Managing flood risk on a global scale

PART five OF OUR 10TH ANNIVERSARY INTERVIEW SERIES

As floods continue to wreak havoc globally, catastrophe modelling experts JBA Risk Management are helping to close the protection gap, says Dr Iain Willis, Managing Director of JBA Risk Management, Singapore.

Four years ago I stood in a small village that lies within the banks of the Kelani River, Colombo.

The homeowner, Premalal, a welder by trade, was pointing to the lintel above the front door of his single storey property. “This is where the flood came to. I had to sit on the roof for several hours until the water receded.”

Premalal’s home, like those of his neighbours in the same village, was flooded during the devastating 2016 floods in Sri Lanka.

I don’t think any of us truly understand the daily fear that so many people like Premalal face around the world every day.

Thankfully for Premalal, the government helped provide a disaster relief payment in the days that followed to help get his small business back on its feet.

Others in the world are not so fortunate.

Devastating floods are a regular occurrence now and all too often these events have their greatest impact in parts of the world with the least financial protection.

There is a huge protection gap between the economic and insured losses we see happen.

Currently, it’s estimated that only 1.1% of the population in emerging Asian markets has property insurance, with that figure even lower in countries such as India, the Philippines, and Indonesia (Munich Re, 2018). For some context, UK flood insurance penetration is around 95-98% (Flood Re, 2016).

Our maps, models, and experience in this field can help play a part in reducing this gap.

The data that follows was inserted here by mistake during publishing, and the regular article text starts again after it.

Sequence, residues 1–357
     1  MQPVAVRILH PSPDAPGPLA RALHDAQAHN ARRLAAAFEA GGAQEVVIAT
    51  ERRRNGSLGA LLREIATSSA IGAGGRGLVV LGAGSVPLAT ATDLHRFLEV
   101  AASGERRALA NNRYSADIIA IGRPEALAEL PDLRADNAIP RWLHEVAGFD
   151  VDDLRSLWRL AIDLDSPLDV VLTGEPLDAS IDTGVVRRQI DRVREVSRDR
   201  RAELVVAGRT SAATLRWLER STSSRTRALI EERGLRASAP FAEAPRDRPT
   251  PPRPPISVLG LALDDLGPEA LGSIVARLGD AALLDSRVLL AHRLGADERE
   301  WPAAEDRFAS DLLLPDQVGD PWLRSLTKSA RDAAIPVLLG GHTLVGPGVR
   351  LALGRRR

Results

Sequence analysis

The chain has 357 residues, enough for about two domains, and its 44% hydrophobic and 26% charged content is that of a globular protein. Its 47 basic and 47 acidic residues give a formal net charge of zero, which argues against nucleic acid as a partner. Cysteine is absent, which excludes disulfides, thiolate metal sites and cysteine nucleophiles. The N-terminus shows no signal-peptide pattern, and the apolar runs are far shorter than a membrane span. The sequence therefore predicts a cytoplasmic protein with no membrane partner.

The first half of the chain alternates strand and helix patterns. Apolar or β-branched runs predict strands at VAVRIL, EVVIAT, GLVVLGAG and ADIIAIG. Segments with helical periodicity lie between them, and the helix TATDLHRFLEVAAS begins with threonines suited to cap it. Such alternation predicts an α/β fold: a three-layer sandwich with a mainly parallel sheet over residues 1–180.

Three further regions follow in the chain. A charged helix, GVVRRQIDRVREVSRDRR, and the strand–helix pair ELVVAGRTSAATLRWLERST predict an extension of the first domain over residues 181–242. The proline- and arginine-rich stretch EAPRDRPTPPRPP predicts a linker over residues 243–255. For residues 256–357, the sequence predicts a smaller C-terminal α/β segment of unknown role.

Often it is about providing the necessary data and insight to support countries trying to transition that burden of financial loss from the state via various forms of risk transfer.

JBA’s global flood modelling has allowed us to really broaden the horizons of where we can now provide our expertise. We are working on a host of international programmes, including projects in Europe, Central and South-East Asia, Africa and South America.

These involve helping governments set up schemes that ensure rapid or early pay outs in those areas where it’s needed most. Many have parametric triggers, based on the number of people affected or flood levels.

For example, in the Indus river basin in Pakistan, we have been working alongside international development agencies where our flood data helps in forecasting estimated impacted populations. This has resulted in the setup of a scheme which triggers early disaster relief payments to be made to those who most need it during that critical time.

Similarly, working with the Oasis Loss Modelling Framework, we’ve been able to make some flood models freely available to governments for disaster financing.

This included a project recently working alongside academic institutions, industry partners and the Bangladesh government. A similar project is underway in Peru where JBA are part of an Insurance Development Forum (public-private consortium) project aimed at utilising our flood model to help model insurance protection for public schools across the country.

Whether it’s the global probabilistic (CAT) flood models or hazard maps, it’s pleasing to see that we can provide insight through every stage of a disaster; from mitigation and preparedness to response and recovery.

Good examples of this include the development of 5m x 5m resolution flash flood maps for Kuala Lumpur (used by the city council - DBKL) and our work with the South Australian State Government to help with disaster response and flood planning.

I’m lucky enough to see the variety of ways in which our data and services makes a lasting difference to flood risk management programmes around the world.

Whether it’s helping government schemes like those that provided assistance to Premalal, or else working alongside our international development partners to help advise a new Minister of Finance where and how their flood defence budget should best be spent to maximise resilience efforts.

I do believe that the more we can do to widen the understanding of global flood risk, the better the decision making and the greater we’ll be prepared to handle the floods of tomorrow.

This is part five of a series of interviews with the JBA team over the coming weeks. Read the rest of the series here.

For more information on JBA's work, get in touch with the team using the form below.

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